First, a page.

The African Development Bank, AfDB, has expressed concern that many African-owned companies are being forced out of the market due to unfair competition from Chinese companies.
Senior Director of AfDB Nigeria, Mr. Ebrima Faal, said this during the weekend at the African Economic Merit Awards (EAMA) World Plaque and Award Nominees unveiling ceremony in Abuja.
According to him, Chinese companies have recently acquired market power and dominance over African companies thanks to the freedom to operate in all sectors and to access capital and better technology.
Faal, who was represented by AfDB’s Regional Procurement Coordinator, Baba Abdullahi, said: “Chinese firms operate across many sectors of the African economy. With the freedom to operate in all sectors and with access to capital and better technology, the Chinese firm have gained market power and dominance in recent times.
“As such, many African owned firms are forced to drop out of the market due to competition. This has forced several African firms to close down.”
Other areas of concern Mr. Faal raised on the China-African economic relationship include the growing size of debt, the financing of projects through Chinese State-owned companies, and the acquisition of African firms by Chinese corporates.
His words: “There are growing concerns that lending rather investments dominates China’s relations with Africa. With the downturn in commodity prices, some countries that borrowed heavily from China have turned to the IMF (Angola and Ghana, for example). Others have suspended, failed to draw down, or cancelled their credit lines from Chinese banks (Niger, Ghana, and Chad).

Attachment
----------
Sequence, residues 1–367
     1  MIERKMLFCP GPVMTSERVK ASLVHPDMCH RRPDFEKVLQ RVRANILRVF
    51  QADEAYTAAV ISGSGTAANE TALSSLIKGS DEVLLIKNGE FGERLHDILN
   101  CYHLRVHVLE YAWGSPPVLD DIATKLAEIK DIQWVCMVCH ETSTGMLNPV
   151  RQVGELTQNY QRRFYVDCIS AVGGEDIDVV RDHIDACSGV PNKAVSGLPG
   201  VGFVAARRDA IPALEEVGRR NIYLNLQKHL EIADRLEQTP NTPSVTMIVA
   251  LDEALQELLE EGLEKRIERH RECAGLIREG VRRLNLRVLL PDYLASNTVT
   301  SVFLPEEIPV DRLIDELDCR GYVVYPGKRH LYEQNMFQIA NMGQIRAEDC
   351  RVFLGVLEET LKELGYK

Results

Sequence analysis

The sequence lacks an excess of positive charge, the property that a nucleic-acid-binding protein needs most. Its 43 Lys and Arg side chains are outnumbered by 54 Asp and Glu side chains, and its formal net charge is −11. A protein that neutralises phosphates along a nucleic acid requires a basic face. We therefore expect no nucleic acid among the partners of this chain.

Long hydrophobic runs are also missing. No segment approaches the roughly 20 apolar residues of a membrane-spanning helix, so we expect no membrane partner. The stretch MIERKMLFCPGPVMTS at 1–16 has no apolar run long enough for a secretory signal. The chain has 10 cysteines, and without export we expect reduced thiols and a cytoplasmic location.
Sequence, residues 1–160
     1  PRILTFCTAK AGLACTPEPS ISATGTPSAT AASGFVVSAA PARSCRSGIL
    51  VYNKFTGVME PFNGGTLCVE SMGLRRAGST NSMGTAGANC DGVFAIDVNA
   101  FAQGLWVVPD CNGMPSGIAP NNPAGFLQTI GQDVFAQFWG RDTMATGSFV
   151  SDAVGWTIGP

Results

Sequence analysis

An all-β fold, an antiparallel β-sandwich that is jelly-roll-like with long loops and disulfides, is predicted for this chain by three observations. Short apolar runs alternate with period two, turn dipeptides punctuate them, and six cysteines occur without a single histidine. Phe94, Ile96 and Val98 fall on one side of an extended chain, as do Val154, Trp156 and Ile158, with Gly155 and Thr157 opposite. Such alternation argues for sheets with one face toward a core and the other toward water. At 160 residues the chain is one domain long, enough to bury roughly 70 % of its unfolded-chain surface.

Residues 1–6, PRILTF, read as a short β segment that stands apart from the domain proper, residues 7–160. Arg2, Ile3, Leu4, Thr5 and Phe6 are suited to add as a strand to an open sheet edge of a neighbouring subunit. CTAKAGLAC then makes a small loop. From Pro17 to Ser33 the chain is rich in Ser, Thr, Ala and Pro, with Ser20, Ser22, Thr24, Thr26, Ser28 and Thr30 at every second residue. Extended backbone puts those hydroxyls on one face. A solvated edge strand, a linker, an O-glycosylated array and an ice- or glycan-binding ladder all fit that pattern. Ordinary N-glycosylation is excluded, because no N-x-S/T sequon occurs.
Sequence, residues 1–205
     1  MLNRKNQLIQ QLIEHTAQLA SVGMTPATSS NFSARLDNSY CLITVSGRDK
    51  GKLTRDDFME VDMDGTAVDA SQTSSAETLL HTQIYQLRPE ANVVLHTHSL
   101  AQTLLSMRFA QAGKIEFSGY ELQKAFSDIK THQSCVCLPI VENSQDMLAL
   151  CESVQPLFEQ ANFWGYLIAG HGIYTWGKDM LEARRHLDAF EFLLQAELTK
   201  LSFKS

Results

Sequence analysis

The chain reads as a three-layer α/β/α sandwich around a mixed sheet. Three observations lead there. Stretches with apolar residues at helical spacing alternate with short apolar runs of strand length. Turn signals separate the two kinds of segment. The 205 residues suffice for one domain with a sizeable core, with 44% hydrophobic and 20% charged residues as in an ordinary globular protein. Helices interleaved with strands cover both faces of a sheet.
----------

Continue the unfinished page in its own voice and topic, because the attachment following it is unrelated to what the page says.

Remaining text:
“At the September 2018 FOFAC Summit, China pledged US$60 billion in loans, aid and investment. This amount was the same as that pledged in 2015, which was three times the figure announced in 2012. The latest financing brought the total support to Africa countries to US$120 billion in three years. “There have also been additional concerns that most of the project financing has focused on transportation and energy, and Chinese state-owned enterprises have been key actors behind such projects.
“Among China’s large scale projects in Africa for 2015 and 2016 especially those requiring more than $1 billion, about 13- 15 of such deals were initiated by China State owned enterprises rather than private firms. Critics also argue that China’s investment in Africa is mainly resource seeking rather than transformational.
“There are concerns that announced mergers and acquisitions by China in Africa were less than $1billion, below Chinese merger and acquisition deals in Latin America known to be well over $10billion.”
However, Mr Faal said the few China merger and acquisition deals in Africa are in energy and infrastructure sectors only, which according to him “suggests that Chinese corporates are not interested in acquiring companies in Africa.”
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